flourishing industry—the manufacture
of beet supar.
"The tariff protects almost every in
dustry of the farm, the orchard, and the
forest. It increases the wages of labor,
enables the laboring classes to live bet
ter, to dress better, and to educate their
"In these few remarks I can but
glance at these questions. The mere
statement of them is an argument in
favor of their universal acceptance.
"I am a citizen of California—my in
terests are centered here —my family
and my friends is here. All that I
have and hope to be are bound up iv
the prosperity and welfare of this
Mr. Lindley's remarks were received
rather coldly by the crowd. They list
ened to him attentively though, all the
way through. His remarks were only
of a general character and not estab
lished by argumentative uroof.
After music by the band, Hon. R. B.
Carpenter, of San Francisco, who repre
sents a Los Angeles district in the state
senate and the Western Union company
in the courts, was presented. Senator
Carpenter opened up with his usual ar
gument in defense of the Republican
tariff policy, which he said protected
American labor and industry from the
pauper labor of Europe. The working
men of this country, he said, lived like
gentlemen and educated their children
on the earnings of their toil. They
should not be disturbed by any change
in the tariff system.
Senator Carpenter made a defense of
President Harrison and the charge that
he was chilly in his manner. Mr.Cleve
land he held up as the champion letter
writer of the age. He failed to assert,
though, that all of Mr. Cleveland's let
ters were very clever epistles. President
Harrison, he said, had given the people
an able, an honest and an efficient repu
tation. He referred to the austere
purity of the president's private life,
and also to what he termed the inflexi
ble honesty of his official career.
Mr. Lindley came in for fulsome praise
at the hands of the speaker. He re
ferred to the fact that never, until Mr.
Lindley had become a candidate for
congress, had any attack been made
upon his private character. Since then,
though, some scandalous rumors had
become extant that there was something
wrong with the Whittier Reform School.
They were charges without specifica
tions or a scintilla of evidence to back
them up. The speaker claimed that the
people would put the stamp of disap
proval upon these calumnies upon Mr.
Lindley at the ballot box.
The speaker of the evening was next
presented, in the person of Hon. Will
iam Williams. After a few introductory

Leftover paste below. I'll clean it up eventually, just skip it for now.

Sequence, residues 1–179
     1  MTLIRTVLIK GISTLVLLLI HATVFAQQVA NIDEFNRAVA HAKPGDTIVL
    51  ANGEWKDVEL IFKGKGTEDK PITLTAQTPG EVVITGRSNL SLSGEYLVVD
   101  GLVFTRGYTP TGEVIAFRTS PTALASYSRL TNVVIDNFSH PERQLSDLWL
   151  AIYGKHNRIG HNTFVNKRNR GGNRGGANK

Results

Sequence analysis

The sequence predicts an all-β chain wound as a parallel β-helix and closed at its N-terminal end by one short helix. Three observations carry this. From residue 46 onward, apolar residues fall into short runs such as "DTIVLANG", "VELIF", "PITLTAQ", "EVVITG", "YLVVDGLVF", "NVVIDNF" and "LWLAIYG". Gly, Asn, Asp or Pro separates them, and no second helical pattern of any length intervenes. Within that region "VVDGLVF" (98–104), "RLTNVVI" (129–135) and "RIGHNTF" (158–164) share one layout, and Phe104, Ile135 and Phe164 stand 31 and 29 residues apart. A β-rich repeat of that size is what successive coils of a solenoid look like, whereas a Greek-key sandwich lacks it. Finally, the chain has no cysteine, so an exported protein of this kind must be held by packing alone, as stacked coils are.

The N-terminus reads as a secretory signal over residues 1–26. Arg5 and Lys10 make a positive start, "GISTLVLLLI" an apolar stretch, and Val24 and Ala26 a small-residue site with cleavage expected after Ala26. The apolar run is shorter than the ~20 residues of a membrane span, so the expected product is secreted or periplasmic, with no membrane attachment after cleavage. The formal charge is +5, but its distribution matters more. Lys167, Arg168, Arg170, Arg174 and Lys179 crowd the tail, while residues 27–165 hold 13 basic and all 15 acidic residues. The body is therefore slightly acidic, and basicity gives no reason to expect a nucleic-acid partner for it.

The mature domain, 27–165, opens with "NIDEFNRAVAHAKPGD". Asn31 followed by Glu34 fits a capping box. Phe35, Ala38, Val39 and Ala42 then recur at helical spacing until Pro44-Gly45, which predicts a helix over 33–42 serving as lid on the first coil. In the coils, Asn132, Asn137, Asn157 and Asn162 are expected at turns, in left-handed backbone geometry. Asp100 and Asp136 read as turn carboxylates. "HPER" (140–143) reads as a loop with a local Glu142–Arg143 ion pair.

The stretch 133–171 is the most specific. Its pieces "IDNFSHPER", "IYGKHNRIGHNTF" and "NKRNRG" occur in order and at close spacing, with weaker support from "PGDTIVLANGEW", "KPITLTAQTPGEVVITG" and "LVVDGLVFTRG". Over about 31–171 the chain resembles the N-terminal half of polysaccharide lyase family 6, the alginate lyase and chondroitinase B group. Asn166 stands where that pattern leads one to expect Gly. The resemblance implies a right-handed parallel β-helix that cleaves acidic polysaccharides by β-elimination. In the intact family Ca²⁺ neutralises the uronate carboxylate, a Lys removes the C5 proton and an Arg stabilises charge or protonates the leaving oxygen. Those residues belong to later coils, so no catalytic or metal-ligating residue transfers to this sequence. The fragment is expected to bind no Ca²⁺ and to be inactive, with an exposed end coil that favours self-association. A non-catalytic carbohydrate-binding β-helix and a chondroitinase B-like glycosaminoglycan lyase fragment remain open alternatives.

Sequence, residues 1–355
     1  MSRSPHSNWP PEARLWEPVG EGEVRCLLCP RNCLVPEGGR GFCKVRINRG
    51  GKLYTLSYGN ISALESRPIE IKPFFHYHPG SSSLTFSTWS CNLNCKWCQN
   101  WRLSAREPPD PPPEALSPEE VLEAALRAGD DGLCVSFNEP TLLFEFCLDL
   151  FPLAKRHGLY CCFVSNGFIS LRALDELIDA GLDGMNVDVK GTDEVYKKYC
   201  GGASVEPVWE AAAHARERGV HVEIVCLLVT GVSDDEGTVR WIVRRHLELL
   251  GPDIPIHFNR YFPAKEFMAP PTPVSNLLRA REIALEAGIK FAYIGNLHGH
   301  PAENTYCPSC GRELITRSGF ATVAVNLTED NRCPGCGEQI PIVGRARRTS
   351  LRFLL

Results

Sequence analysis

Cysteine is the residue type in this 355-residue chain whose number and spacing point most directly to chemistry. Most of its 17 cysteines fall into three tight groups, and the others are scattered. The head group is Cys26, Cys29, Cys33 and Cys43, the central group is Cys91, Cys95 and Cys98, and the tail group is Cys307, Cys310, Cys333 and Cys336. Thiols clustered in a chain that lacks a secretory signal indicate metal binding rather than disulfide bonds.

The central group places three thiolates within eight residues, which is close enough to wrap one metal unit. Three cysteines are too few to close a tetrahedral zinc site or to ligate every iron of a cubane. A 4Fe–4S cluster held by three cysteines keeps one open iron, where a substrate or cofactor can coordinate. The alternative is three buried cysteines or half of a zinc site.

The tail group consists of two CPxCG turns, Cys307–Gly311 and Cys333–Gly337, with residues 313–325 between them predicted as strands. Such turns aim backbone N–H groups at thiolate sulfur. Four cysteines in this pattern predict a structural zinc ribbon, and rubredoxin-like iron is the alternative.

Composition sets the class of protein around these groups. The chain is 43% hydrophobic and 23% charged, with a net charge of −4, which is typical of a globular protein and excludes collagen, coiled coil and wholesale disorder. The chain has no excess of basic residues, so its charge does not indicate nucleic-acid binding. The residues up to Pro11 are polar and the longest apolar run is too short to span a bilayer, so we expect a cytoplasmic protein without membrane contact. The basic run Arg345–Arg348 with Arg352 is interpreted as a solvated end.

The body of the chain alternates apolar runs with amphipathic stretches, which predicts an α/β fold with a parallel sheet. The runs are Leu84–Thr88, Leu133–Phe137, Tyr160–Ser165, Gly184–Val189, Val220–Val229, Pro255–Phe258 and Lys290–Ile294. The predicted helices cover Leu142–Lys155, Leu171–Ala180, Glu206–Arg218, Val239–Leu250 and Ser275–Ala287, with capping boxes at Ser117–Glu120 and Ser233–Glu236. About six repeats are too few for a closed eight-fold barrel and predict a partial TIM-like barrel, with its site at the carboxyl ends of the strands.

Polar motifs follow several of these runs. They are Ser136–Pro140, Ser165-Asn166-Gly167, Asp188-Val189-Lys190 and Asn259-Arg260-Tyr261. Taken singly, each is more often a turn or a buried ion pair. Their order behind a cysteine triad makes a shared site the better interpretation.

remarks, in which, like all other Repub
lican orators, he referred to what he
termed the grand history of the party,
"Uncle Billy" proceeded to business.
He entered into a long defense of the
tariff, and claimed that it had made the
American workingmen the best fed,
tiie best clothed, and the best educated
class in the world. They had $1,500,
--000,000 in the savings banks of theland,
placed there by the protective policy.
There were 300,000 factories in the
United States today, and the reason
they were there was solely because of
the grand principles of protection estab
lished and maintained by the Repub
lican party.
The speaker then proceeded to deride
the Democratic platform, which, he
said, straddled the Republican platform
originally, but it was changed by the
Democratic convention and a free trade
platform was substituted. He said that
the Democratic party had poeed before
the people as the great defenders of the
constitution. Every act, they claimed,
that the Republican party had carried
out was unconstitutional, from freeing
tho negro up to saving the life of the
nation. He claimed that every Demo
crat in congress in 1873 voted against
the demonetization of silver.
The tariff, the speaker claimed, was of
divine origin. Matthew, the first disciple
of the Son of God, was a custom house
officer, and there must' have been a
tariff. Mr. Williams waa prolific in
anecdotes, and related many amusing
stories to illustrate his points, which
were laughingly received. He endeav
ored to show that the foreign manufac
turer paid the tariff tax. and not the
resident consumer of the United States.
He claimed that the tax was paid by
the foreign manufacturer for the privi
lege of trading in tbe markets of the
United States.
As an example of the beneficient duty
of $28 a ton on steel rails, Mr. Williams
cited the fact that 2,500,000 tons of steel
rails were manufactured in this country
in 1890. He did not refer to the
Homestead strike, though ; nor to An
drew Carnegie and hie baronial castle in
Scotland. He also referred to the va
rious other institutions and fortunes